The last test is probably the easiest — it requires nothing more than your smartphone and our free Polaroid Checker app (available on iOS and Android). Just download our app, open it up, and hold your phone up with your sunglasses on.
If they are polarized, then you will see an X appear as soon as they dim out part of the image on-screen (if no X appears after holding them up for several seconds, then unfortunately your sunglasses likely aren't polarized).
How Do Non-Polarized Lenses Work?
Non-polarized lenses work by blocking light directly coming from the sun. They don’t have any polarization filters, which means they don’t reduce reflections as much as polarized lenses do.
This can be beneficial in certain situations such as driving at night when you need to see more clearly on wet roads with reflections that could otherwise distort your vision.
Pros and Cons of Non-Polarized Lenses
The main benefit of non-polarized lenses is that they allow more light into your eyes, which can make them ideal for use when driving at night or in overcast weather conditions. However, these lenses won’t protect your eyes from reflections caused by water, snow, or ice as well as polarized lenses will.
Additionally, non-polarized lenses may not provide adequate protection against UV rays because more light can enter your eyes than with polarized lenses.
When To Wear Non-Polarized Lenses?
Rain can cause glare from the water droplets bouncing off surfaces like pavement or car hoods. Polarized lenses can help reduce this glare, allowing you to see more clearly during those stormy days.
Driving in Bright Sunlight
The bright sunlight reflecting off of other cars, houses, and roads can make it difficult to see when driving. Polarization helps filter out this glare so you can focus on what’s ahead of you while driving in bright light.
If you’re spending time near the water, such as at the beach or on a boat, polarization helps reduce the sun’s reflection off of the surface of the water.
Snowy and foggy conditions can both cause glare which makes it difficult to see clearly. Polarization is especially useful here as it helps block out any excess light that could be causing distraction or discomfort.
Skiing and snowboarding often involve long periods spent in very bright sunlight while speeding down a mountain.
Factors to consider when choosing between polarized and non-polarized lenses
Your personal preferences should be a major factor in your decision. Polarized lenses offer better glare reduction, while non-polarized lenses provide less color distortion. If you prefer the look of slight color distortion and find that it makes colors appear more vibrant, then non-polarized may be the right option for you. On the other hand, if you prefer a sharp image with reduced glare, then polarized lenses may be a better fit.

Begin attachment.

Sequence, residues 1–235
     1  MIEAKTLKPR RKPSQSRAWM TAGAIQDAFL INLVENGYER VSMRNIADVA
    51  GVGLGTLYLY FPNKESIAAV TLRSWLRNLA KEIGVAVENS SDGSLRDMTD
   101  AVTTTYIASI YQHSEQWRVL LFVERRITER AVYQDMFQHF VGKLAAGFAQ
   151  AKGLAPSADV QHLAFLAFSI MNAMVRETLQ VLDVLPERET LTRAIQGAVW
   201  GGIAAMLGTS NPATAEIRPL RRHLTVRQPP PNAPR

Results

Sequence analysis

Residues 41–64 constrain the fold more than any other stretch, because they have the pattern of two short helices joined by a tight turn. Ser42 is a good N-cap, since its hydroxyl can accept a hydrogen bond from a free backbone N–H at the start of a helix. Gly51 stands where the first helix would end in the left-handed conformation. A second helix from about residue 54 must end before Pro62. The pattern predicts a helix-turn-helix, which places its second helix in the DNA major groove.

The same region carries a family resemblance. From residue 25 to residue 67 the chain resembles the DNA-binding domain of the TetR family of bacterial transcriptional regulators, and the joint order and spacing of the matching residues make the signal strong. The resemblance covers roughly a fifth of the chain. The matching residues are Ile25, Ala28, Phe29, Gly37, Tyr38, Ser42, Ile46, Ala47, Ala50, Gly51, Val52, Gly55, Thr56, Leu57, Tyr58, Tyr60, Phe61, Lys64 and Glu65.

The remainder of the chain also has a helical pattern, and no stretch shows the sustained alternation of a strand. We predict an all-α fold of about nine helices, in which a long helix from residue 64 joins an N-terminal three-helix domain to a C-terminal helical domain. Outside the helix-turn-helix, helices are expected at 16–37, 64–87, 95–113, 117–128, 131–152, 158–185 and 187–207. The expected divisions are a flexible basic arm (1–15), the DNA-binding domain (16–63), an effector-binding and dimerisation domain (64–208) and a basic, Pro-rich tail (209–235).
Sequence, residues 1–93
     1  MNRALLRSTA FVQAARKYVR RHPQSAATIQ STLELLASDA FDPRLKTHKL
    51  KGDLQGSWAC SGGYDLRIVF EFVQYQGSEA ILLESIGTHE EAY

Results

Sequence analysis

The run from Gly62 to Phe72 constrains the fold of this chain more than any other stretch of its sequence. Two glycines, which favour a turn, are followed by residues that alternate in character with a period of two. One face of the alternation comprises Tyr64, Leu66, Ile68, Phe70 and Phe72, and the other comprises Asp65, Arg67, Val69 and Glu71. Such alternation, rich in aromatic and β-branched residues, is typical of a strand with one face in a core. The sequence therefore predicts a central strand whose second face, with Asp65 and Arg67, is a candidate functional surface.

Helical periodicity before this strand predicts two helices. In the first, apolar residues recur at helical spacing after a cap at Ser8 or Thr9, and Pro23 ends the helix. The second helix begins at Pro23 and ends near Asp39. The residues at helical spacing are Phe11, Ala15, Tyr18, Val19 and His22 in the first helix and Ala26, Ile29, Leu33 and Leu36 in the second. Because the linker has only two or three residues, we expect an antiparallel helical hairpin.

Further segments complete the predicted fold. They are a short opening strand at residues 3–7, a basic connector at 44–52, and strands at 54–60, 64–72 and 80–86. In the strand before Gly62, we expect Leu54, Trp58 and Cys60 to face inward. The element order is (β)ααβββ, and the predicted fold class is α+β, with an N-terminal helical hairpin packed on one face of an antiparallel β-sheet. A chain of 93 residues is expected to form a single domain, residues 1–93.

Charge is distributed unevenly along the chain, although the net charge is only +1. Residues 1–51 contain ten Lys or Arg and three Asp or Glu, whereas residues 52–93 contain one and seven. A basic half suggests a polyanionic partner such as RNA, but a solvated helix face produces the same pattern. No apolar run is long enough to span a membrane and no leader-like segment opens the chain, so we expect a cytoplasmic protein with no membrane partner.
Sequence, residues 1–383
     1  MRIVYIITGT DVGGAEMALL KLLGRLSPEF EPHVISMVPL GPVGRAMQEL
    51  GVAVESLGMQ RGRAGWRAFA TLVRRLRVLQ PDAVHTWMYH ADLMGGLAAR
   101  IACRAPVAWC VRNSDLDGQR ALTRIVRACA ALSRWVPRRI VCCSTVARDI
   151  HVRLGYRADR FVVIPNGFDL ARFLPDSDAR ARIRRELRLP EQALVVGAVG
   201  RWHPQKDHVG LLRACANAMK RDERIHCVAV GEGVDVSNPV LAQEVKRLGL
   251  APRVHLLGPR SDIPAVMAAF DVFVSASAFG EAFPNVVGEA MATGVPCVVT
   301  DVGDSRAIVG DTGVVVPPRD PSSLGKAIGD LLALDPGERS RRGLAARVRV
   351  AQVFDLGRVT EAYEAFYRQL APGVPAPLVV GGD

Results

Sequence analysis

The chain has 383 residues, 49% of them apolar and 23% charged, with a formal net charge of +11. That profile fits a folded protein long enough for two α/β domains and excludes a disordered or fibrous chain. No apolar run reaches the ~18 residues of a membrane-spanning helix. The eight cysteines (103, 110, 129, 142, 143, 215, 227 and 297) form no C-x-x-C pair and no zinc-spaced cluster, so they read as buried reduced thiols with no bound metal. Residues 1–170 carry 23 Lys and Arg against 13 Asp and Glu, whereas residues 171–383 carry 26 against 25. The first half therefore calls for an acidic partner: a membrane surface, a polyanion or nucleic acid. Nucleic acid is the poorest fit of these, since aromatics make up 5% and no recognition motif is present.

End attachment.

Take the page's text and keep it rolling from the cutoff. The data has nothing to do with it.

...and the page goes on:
The activities that you plan to participate in are also an important consideration when deciding between polarized and non-polarized lenses.
For example, anglers who spend long hours out on the water often find polarized lenses to be incredibly helpful in reducing glare from sun rays reflecting off of the water’s surface.
Finally, your budget should always be taken into account when shopping for sunglasses online. Generally speaking, polarized sunglasses tend to cost more than their non-polarized counterparts due to the added technology involved in creating them. This doesn’t necessarily mean that they are better than non-polarized options; it just means that they come with a higher price tag due to their advanced construction process.
As you can see, there are many differences between polarized and non-polarized lenses, and it is up to the individual to decide which one best fits their needs. Not only do these lenses improve vision clarity but they also protect our eyes from damaging UV rays. Our guide has hopefully equipped you with helpful information about the key differences between both lens types, as well as how to pick the perfect pair for your lifestyle. Ultimately, it boils down to what works best for you. Don't forget to consult with an eye care professional regarding personalized recommendations – happy shopping!
What Are Polarized Lenses For? (July 2021). American Academy of Ophthalmology.
What to Know About Polarized Lense (May 27, 2021). WebMD
What Do Polarized Lenses Do? (December 6, 2020). Mayo Clinic